This time of year, it feels like everyone you want to do business with is on vacation, or about to go on vacation. However, this time of year is also a good time to step back and plan for a productive, engaging fall within your social media channels. Here are four social media actionable ideas and resources to try in the next month as you prep for strong social media engagement during the second half of 2013.
1. Spend some time with Google Analytics
This is a great time to compare this year’s metrics with last year’s, assess trends, look at the impact of social media activities on your website, and consider what content your website visitors love. I suggest looking at the following website metrics, using Google Analytics:
- Most-viewed blog posts of the year
- Most-viewed website pages
- Top five referral sources and time spent on site from each source
- Visits via social referral
- Behavior flow (landing pages, starting pages, where they went from there)
- Keyword searches
Use these information nuggets to develop ideas for content based on what your visitors are searching for, what content they view the most, and how they behave throughout the site. Look at referral sources, cultivate the ones that send you high-quality visitors. Think about why some social channels send more visitors to your site than others, what those visitors want to do when they are on your site, and how you can optimize their experiences while gently “nudging” them towards content you’d like them to view.
For a great overview of understanding Google Analytics, check out John Haydon‘s overview of 5 Google Analytics stats you should be tracking, along with Kissmetrics’ 50 Resources for Getting the Most Out of Google Analytics.
2. Develop a content calendar for the year
Once you understand what specific content your website, Facebook, and other social media fans enjoy consuming, turn that into an actionable content calendar. Content calendars can be as detailed or simple as you’d like. On the simple end: a client of mine keeps a paper checklist by her computer to remind her that each week her organization should produce a predetermined set of content, and checks them off as they are published.
Develop a content calendar in the summer, so that your organization can source or develop the content needed to support the content calendar throughout the year. Have a conversation now about setting time aside regularly to evaluate the success of your content calendar (and what success means), production realities, and calendar revisions.
There are a lot of great resources for developing calendars online, including the Lightbox Collaborative 2013 Editorial Calendar, Beth Kanter’s post on holding editorial content calendar meetings, 17 content templates and checklists (be prepared to be overwhelmed!), a sample editorial calendar I created, John Haydon’s downloadable Facebook content calendar, my own post on using content data to build community and Beth Kanter’s wonderfully named compilation of content calendars from around the web.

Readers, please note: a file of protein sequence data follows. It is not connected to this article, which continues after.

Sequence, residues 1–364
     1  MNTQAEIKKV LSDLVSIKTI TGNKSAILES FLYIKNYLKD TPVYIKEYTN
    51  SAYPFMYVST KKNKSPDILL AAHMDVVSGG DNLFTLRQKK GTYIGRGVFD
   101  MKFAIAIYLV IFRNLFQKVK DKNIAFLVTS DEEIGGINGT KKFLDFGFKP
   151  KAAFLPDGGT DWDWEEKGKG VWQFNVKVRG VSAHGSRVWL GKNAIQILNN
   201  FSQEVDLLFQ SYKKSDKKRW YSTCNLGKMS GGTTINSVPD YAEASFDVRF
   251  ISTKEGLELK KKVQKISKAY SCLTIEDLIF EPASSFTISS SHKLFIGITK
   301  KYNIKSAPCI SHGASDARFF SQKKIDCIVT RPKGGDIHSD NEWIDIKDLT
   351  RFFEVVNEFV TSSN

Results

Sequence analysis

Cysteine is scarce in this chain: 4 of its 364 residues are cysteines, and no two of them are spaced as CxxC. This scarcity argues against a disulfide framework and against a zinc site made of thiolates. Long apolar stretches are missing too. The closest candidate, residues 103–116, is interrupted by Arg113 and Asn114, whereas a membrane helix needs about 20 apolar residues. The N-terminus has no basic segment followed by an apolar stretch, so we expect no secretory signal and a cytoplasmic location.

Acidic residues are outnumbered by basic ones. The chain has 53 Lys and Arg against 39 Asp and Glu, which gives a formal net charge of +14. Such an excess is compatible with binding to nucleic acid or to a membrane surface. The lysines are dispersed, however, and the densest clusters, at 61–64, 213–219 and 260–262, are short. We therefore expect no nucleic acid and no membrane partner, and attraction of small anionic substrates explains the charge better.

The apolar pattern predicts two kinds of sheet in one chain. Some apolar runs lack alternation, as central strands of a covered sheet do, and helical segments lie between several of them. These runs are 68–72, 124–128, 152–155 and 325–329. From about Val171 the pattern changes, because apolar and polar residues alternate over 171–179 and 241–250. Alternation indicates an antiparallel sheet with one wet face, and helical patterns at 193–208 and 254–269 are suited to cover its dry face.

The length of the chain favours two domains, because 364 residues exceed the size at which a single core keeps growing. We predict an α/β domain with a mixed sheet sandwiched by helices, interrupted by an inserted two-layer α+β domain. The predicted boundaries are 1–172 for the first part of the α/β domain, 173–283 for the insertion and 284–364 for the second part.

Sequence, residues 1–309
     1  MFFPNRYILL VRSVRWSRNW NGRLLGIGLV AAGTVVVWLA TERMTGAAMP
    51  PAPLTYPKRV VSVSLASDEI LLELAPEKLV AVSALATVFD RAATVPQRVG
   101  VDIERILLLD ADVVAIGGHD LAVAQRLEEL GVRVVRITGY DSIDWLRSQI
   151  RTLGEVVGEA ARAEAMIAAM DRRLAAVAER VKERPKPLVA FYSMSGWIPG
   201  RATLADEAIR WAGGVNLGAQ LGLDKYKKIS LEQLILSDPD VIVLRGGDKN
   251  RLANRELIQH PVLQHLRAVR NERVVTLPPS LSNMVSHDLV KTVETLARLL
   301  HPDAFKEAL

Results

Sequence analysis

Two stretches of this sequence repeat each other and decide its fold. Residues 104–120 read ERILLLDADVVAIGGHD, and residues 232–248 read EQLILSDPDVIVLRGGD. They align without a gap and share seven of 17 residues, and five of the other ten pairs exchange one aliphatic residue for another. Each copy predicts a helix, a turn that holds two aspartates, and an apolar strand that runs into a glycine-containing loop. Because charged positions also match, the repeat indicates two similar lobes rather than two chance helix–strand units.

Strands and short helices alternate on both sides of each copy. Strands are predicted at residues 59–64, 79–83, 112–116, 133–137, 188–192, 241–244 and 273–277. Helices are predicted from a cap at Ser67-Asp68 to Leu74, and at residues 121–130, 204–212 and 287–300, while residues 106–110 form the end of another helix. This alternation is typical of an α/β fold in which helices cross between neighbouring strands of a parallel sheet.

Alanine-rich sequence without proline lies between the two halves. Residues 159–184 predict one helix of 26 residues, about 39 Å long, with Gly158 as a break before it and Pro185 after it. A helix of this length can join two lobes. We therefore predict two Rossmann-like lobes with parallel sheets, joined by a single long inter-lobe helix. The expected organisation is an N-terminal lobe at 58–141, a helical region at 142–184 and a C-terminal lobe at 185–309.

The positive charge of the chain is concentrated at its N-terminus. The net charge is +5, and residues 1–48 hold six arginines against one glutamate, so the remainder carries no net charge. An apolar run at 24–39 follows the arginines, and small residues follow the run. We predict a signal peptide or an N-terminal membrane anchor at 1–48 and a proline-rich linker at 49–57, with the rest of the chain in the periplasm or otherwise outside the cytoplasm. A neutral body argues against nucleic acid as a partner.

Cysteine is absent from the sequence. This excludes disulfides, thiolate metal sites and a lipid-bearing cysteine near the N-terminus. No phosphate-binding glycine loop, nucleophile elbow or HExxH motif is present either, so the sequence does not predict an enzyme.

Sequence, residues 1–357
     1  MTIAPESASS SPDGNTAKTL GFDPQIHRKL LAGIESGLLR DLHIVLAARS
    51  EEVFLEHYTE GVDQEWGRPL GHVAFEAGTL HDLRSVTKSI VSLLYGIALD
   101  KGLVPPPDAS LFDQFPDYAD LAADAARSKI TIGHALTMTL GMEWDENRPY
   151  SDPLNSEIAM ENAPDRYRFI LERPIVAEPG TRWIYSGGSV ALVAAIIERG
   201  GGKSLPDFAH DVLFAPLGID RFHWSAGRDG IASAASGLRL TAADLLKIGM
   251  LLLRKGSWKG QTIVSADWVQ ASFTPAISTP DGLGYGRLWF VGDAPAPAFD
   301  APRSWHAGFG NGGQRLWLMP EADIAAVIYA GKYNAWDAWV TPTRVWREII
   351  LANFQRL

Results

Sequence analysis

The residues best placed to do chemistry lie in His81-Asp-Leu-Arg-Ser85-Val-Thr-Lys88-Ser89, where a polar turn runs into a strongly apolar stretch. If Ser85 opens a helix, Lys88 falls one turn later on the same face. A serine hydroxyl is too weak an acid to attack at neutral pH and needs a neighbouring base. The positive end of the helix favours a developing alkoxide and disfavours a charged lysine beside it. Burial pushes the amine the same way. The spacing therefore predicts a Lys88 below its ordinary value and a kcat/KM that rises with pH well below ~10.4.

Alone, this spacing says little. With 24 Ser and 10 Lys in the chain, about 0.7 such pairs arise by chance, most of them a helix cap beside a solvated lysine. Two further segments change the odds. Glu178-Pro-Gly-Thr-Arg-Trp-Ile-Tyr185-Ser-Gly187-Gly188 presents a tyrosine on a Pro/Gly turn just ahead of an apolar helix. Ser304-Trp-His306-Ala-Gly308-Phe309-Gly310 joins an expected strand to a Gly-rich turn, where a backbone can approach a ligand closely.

3. Tighten up your social media and web metrics spreadsheet
If your organization has been trying new things with social media this year, this is the time to revamp your old social media metrics spreadsheet and prep it to capture the metrics you want. However, it’s easy to get lost and over-measure. Keep the spreadsheet simple, and tie what you want to measure to goals (this also encourages SMART goal thinking). The best spreadsheets look at how much engagement you’re getting within your social media channels, the type of engagement, what content resonates with your audiences, and the actions they are taking.
Metrics spreadsheet resources abound! I would begin with Shonali Burke’s overview of steps to setting up your social metrics program, peruse Beth’s Tumblr blog of metrics spreadsheets and the SMART goal tracking worksheets I developed (note: two tabs at bottom), and consider how to make sense of your social media metrics from Beth Kanter.
4. Learn about data visualization
Data visualization, or presenting information visually, is a popular option for trying to get your message through the social media noise. It can be anything from a photo with a message, to a graphically presented statistic, to a map. I predict that there will be more demand for this type of content, and it makes sense to learn more about what you can create and produce yourself. Once you’ve become comfortable with a few styles of presenting data visually, data visualization might even become a piece of the yearly content calendar.
Resources: For a dataviz overview, check out 14 ways to present information graphically, data visualization tools and resources, Google’s new Think tools databoard for dataviz research, and no-sweat DIY infographics tools.
There are so many things one can do to prep for the autumn fundraising, event, and communications season. What will you be doing this summer to prep?